The Foundation of Our Society

We have an Asian and multiracial society with a Chinese majority. That sums it up quite succinctly.

Paradoxical Nature of Singapore’s Society

The Asian characteristic of our society suggests conservatism and yet it is a relatively tolerant multi-racial society – which suggests progressiveness.

Our Relatively Tolerant Society Compared to Most Other Parts of The World

Did you notice just how nasty the world is recently? Persecution of the Rohingya Muslims in Myanmar, United States electing an openly racist president and the spike in hate crimes against Muslims and LGBTs such as the spike following the Paris terror attack and the Orlando Gay Nightclub Shooting. Compared to all that, the most we have in Singapore is just a common sentiment against immigrants which does not translate to hate crimes or actions of any sort.

The Reason Behind This Difference is Not as Benign As You Might Think

The reason why Singapore appears relatively tolerant and progressive is not because it is tolerant and progressive. The reasons are in fact economic and security in nature.

The Point of Interest

Look at the countries/region where hate crimes are prominent: The U.S and Europe. What they have in common is the media’s sensationalist reports of economic situations and the terror attacks that they have received.

Reflect on what’s the big news that shook the world this year: Brexit, Greece leaving EU, Paris Attack, Migrant Crisis (the big numbers that the media constantly reports about, having the news that thousands of migrants are going to flood your country, how would that make you feel? Threatened? Probably.), and the U.S Presidential Election Campaign which was the most verbal and outright sensationalism of the economic and security situation in U.S (only the Donald Trump campaign, which he won; thus proving how effective his exaggerations were). Build a wall, ban Muslim immigrations completely? Imagine the kind of exaggerations of that situation that is needed to justify these kinds of extreme measures.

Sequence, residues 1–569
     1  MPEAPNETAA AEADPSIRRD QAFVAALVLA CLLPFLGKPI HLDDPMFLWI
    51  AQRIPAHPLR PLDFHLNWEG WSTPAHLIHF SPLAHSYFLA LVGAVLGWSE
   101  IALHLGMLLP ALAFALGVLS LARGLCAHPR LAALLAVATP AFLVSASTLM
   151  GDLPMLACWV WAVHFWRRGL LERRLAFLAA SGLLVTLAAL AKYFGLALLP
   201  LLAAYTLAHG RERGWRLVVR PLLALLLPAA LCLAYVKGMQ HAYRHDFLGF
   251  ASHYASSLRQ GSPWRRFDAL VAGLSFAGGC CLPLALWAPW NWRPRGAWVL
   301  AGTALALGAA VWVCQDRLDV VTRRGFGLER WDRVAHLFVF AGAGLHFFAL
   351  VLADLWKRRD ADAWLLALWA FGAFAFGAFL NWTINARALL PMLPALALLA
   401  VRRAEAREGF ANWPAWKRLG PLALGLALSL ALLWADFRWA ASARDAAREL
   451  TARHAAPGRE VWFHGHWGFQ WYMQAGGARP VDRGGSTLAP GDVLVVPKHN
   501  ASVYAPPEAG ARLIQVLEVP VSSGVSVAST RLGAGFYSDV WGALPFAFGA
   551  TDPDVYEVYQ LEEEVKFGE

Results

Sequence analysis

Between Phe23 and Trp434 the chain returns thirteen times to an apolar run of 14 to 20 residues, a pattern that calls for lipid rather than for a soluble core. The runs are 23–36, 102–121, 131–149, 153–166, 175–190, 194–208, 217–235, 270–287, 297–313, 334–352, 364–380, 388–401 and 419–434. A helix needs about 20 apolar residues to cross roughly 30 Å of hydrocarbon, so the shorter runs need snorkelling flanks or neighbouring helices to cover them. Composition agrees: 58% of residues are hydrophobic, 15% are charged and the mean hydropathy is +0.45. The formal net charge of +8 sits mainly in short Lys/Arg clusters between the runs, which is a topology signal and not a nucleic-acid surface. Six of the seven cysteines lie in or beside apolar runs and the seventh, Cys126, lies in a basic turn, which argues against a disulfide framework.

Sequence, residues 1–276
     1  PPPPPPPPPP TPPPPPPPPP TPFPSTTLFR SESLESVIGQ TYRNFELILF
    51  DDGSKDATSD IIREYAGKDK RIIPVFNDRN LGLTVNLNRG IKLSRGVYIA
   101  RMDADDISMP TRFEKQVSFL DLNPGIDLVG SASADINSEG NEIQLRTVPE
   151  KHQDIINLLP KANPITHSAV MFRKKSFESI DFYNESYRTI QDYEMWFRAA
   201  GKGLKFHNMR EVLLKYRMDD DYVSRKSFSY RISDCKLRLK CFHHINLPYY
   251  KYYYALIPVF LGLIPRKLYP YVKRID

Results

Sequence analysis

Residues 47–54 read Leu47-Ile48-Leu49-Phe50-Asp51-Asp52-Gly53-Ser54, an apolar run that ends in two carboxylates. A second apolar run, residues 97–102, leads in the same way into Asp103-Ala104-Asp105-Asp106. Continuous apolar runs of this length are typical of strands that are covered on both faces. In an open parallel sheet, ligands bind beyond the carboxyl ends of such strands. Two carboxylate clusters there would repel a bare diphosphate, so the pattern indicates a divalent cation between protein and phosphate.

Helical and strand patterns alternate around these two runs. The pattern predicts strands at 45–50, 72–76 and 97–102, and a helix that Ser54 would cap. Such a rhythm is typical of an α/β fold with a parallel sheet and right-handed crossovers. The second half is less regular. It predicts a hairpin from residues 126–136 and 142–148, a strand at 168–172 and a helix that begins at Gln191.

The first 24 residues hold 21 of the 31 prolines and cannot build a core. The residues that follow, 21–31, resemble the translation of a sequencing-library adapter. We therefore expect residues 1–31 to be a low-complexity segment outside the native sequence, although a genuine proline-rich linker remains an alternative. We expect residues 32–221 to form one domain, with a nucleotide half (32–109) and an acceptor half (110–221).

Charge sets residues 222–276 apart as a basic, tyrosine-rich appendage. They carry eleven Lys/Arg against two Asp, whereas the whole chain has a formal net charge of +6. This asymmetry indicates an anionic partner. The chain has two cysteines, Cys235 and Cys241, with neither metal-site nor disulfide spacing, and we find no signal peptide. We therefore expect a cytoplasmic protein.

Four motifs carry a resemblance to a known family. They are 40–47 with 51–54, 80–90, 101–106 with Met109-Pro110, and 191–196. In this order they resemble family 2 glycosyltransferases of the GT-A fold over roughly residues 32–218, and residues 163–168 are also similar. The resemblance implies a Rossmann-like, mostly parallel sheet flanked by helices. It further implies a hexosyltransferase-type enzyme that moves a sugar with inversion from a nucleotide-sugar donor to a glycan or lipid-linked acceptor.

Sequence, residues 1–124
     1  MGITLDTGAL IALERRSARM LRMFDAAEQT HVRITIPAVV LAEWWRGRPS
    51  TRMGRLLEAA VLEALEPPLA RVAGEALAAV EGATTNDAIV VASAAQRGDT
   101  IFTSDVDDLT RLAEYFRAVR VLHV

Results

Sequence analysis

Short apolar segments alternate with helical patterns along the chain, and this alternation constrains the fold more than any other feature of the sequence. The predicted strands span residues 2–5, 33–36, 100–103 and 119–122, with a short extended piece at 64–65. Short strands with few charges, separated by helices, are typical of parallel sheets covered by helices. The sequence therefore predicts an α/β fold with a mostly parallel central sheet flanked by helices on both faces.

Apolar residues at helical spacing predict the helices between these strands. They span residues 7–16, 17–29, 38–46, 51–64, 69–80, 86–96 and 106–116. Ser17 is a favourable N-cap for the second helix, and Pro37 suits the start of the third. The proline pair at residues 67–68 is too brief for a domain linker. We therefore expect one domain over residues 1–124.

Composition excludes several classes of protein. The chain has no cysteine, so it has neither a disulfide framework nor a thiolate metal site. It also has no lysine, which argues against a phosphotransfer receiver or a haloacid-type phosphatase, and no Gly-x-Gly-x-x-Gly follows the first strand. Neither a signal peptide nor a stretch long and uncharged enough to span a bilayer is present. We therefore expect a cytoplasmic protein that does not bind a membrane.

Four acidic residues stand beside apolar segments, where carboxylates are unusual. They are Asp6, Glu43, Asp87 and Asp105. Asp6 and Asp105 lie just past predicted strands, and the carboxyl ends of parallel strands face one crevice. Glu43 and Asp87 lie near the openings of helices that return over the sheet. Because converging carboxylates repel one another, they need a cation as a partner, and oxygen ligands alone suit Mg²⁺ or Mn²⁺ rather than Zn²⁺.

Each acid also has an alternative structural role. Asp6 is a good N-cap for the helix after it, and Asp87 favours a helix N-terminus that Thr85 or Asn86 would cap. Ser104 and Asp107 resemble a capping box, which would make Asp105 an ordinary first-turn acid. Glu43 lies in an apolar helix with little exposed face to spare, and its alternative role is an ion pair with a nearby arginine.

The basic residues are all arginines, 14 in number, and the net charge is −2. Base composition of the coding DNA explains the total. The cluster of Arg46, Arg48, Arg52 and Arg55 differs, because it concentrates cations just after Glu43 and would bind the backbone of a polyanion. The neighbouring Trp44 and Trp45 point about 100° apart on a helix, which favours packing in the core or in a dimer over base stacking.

The Better Situation in Singapore

Now look at Singapore, are we not vastly different? Media reports economic slowdown but does not irresponsibly speculate a recession. Our ministers also constantly reassure that a slowdown is a situation-under-control. In fact, Singapore’s economy is doing quite well compared to the rest of the world, as I’ve explained in the previous post. As of now, we also do not have any terror attacks yet. So it is accurate to say that our economic and security situation is much better-off than most other parts of the world.

The Maslow’s Hierachy of Needs

Although this “theory” has been debunked in the psychology field, it possesses certain insights that we can make sense out of. The reason why this hierarchy is still so widely cited despite its deep research flaws (in which I will explain in another post) is because we can relate to it; it makes sense to us. Our first and foremost priority is to survive (physiological), to sustain this survival (security), meet our social needs as we evolved as social animals (love and belonging), inflate our own self-esteem to feel good about ourselves so that we can be happy (self-esteem), and finally to be bothered about living a virtuous life (self-actualization).